In a new cover in promotion of Marvel’s upcoming Secret Invasion miniseries, Mary Jane Watson takes on a new Skrull form. In a roundabout way, the cover actually explains another controversial Spider-Man Marvel Comics cover that featured the heroine striking an impossible pose. The image could be a secret parody of the Marvel Comics cover and could hilariously make sense of why Mary Jane had a very inhuman body in the original J. Scott Campbell cover.
In 2009, artist J. Scott Campbell drew a cover for The Amazing Spider-Man #601 for Marvel Comics featuring Mary Jane Watson looking at Spider-Man swing into action. The cover received a mixed response, as Watson was drawn in an oversexualized manner, with her arms pushing her cleavage together, as she wore low-cut jeans. Watson’s waist was also drawn to be unrealistically thin (a Campbell staple) as she sat in a ridiculous pose. The controversial image is classic Campbell, whose style and covers are very popular among collectors. To be fair to Campbell, he actually parodied the pose himself in Marvel Comics #1000, where he offered an updated look of Mary Jane Watson enjoying some chips and dip, commenting, “you don’t actually think I sit that way… do you?”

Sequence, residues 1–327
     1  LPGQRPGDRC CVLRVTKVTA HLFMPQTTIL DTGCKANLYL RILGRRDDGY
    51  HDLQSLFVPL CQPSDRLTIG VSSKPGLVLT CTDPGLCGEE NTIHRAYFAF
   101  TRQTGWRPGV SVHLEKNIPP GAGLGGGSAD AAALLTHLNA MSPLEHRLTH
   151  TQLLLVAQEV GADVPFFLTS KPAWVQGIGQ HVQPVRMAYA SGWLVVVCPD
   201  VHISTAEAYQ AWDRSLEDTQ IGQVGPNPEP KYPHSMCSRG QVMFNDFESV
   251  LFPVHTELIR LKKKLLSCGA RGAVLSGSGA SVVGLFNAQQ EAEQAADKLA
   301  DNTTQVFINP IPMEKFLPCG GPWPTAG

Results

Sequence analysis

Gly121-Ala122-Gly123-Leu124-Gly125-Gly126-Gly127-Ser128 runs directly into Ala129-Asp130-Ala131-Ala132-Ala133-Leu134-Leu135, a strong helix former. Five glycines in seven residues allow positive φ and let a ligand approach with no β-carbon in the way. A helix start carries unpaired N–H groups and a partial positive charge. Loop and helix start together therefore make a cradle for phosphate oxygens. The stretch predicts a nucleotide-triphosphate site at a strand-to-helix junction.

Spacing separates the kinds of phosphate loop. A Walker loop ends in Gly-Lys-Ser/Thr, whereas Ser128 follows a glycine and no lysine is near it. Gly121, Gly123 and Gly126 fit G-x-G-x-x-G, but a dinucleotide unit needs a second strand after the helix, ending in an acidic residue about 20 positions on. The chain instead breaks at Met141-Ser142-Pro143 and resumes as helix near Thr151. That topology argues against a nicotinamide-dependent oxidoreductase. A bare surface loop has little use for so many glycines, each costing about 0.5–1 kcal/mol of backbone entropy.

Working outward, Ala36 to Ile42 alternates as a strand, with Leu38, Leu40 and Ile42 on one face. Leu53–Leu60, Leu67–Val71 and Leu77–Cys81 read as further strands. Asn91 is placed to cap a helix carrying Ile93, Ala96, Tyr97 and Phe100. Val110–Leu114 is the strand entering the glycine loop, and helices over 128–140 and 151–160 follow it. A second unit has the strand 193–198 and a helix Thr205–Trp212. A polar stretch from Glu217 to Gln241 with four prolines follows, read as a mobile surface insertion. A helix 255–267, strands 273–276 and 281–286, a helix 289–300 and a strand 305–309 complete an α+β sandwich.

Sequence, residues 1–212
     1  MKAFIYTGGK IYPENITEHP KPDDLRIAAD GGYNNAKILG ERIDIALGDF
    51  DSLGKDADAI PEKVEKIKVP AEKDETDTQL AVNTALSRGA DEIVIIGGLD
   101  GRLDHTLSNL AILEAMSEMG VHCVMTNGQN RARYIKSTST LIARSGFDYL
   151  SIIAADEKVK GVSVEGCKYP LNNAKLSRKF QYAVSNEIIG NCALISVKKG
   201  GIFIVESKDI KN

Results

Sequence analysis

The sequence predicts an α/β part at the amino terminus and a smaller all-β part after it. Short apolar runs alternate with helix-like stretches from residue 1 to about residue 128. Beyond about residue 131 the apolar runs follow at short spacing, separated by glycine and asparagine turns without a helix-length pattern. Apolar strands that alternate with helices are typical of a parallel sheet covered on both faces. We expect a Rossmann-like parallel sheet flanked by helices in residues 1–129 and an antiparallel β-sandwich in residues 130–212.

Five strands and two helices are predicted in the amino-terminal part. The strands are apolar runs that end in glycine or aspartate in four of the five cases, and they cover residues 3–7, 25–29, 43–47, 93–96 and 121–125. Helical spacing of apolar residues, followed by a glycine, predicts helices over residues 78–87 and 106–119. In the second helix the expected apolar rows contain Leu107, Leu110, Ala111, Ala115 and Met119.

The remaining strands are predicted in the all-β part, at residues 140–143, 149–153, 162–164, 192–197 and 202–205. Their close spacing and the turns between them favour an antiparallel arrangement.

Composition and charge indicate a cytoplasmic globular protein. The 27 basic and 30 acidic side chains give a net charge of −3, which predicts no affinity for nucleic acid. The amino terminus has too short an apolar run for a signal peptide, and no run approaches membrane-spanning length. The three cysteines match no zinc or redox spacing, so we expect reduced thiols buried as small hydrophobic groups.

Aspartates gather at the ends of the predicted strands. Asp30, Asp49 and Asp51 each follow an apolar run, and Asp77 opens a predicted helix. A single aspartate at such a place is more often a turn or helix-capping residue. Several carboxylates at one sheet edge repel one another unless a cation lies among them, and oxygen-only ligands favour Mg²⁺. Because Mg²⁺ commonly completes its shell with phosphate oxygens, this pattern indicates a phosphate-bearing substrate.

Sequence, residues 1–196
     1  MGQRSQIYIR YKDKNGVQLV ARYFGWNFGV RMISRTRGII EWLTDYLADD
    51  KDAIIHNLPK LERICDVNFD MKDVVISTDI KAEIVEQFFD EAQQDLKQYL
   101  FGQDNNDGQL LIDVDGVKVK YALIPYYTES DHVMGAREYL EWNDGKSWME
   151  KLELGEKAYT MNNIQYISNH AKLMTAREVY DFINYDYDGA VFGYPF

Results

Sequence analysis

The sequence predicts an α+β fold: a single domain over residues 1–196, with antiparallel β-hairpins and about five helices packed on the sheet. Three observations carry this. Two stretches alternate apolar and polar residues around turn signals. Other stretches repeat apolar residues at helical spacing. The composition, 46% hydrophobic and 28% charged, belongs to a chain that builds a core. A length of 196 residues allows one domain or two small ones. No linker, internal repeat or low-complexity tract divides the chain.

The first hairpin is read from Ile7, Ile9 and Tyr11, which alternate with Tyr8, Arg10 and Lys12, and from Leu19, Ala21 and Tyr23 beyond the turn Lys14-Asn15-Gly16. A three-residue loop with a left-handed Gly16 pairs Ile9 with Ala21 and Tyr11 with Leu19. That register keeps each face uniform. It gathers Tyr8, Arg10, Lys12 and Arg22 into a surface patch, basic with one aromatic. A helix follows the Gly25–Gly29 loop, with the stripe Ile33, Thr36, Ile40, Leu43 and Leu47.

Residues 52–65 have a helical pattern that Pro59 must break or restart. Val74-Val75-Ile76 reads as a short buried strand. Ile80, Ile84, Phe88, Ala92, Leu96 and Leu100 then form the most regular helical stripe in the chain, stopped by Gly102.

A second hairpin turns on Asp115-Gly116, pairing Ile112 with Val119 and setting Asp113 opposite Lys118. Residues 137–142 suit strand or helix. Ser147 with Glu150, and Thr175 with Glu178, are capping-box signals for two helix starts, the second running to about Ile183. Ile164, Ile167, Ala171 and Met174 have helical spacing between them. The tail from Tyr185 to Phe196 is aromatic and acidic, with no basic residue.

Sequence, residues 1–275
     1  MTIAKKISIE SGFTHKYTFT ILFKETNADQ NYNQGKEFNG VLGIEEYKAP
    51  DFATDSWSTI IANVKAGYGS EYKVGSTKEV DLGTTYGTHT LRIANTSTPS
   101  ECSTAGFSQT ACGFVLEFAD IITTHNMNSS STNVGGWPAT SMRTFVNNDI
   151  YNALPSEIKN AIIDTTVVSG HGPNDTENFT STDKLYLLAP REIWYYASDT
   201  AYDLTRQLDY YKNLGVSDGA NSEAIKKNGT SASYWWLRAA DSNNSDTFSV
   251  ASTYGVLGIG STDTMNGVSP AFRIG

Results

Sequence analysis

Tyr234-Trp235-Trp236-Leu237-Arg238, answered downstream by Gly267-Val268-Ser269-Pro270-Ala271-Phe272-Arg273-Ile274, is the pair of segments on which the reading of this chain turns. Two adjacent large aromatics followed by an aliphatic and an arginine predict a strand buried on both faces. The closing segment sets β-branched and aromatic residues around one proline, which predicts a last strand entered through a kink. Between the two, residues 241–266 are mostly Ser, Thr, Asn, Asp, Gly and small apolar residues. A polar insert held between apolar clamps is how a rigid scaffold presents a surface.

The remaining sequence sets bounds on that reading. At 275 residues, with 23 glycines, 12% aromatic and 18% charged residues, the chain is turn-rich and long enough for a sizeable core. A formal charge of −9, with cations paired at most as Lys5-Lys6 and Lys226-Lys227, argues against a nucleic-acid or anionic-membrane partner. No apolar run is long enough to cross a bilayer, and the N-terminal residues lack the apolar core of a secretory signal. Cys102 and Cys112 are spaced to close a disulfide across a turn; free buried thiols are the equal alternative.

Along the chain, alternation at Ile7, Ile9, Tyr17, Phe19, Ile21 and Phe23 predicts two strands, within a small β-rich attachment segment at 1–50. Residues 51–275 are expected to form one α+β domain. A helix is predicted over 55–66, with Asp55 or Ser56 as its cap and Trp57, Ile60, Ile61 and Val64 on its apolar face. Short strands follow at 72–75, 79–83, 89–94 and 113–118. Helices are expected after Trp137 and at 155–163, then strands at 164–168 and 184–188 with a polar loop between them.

This week, Marvel Comics revealed a brand new cover from artist Jan Bazaldua for The Amazing Spider-Man #4, which features Mary Jane Watson turning into a Skrull as part of a series of variants for the upcoming Secret Invasion miniseries. The cover is similar to J. Scott Campbell’s 2009 image, as it offers another look at Mary Jane Watson as Spider-Man leaves their apartment to swing into battle. While the image might not be intentionally referencing Campbell’s work, it would explain why Mary Jane would strike a pose that is so inhuman. Perhaps, in Campbell’s controversial image, she was a Skrull – which would make the impossible pose make sense.
It’s possible, Mary Jane Watson shapeshifted into a Skrull before striking the much-maligned pose from Campbell. As an alien, her body could twist in much more different ways than a human. It would be a hilarious retcon of the cover.
While we’re mostly joking, it would be funny if the new cover took place seconds before the controversial J. Scott Campbell cover. Ultimately, the new cover could be a slight parody of Campbell’s Spider-Man cover. Explaining that Mary Jane Watson was a Skrull would solve the controversy behind the impossible pose. Readers can pick up the new cover when The Amazing Spider-Man #4 arrives in comic book stores in May.